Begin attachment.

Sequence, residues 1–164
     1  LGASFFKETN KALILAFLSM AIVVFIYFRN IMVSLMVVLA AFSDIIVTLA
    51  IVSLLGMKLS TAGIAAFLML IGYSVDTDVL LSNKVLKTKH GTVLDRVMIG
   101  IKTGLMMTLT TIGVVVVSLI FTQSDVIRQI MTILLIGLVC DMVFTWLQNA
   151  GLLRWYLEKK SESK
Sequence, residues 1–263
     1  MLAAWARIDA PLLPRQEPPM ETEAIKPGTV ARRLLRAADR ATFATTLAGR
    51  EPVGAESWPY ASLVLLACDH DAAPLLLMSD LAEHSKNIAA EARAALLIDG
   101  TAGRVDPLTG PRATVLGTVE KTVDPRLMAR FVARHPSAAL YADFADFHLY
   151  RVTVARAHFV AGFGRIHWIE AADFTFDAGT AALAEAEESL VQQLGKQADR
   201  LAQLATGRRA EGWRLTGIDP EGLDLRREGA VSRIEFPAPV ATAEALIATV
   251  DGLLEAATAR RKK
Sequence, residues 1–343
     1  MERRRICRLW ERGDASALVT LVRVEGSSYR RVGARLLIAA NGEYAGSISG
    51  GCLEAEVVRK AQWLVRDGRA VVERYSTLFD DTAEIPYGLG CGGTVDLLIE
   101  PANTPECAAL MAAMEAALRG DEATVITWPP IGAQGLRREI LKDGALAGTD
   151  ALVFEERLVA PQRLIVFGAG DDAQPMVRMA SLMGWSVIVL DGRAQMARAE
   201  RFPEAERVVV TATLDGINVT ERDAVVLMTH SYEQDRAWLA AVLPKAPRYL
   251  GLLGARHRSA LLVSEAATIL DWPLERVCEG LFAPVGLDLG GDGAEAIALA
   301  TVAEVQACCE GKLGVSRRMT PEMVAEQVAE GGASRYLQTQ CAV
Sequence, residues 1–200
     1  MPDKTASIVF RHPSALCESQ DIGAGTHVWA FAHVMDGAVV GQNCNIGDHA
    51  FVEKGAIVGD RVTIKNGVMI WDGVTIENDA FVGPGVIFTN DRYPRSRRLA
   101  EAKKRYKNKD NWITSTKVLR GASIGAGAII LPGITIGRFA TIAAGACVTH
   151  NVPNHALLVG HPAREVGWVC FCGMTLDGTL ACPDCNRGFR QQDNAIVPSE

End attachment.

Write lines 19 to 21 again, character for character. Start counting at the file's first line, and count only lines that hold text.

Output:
   251  GLLGARHRSA LLVSEAATIL DWPLERVCEG LFAPVGLDLG GDGAEAIALA
   301  TVAEVQACCE GKLGVSRRMT PEMVAEQVAE GGASRYLQTQ CAV
Sequence, residues 1–200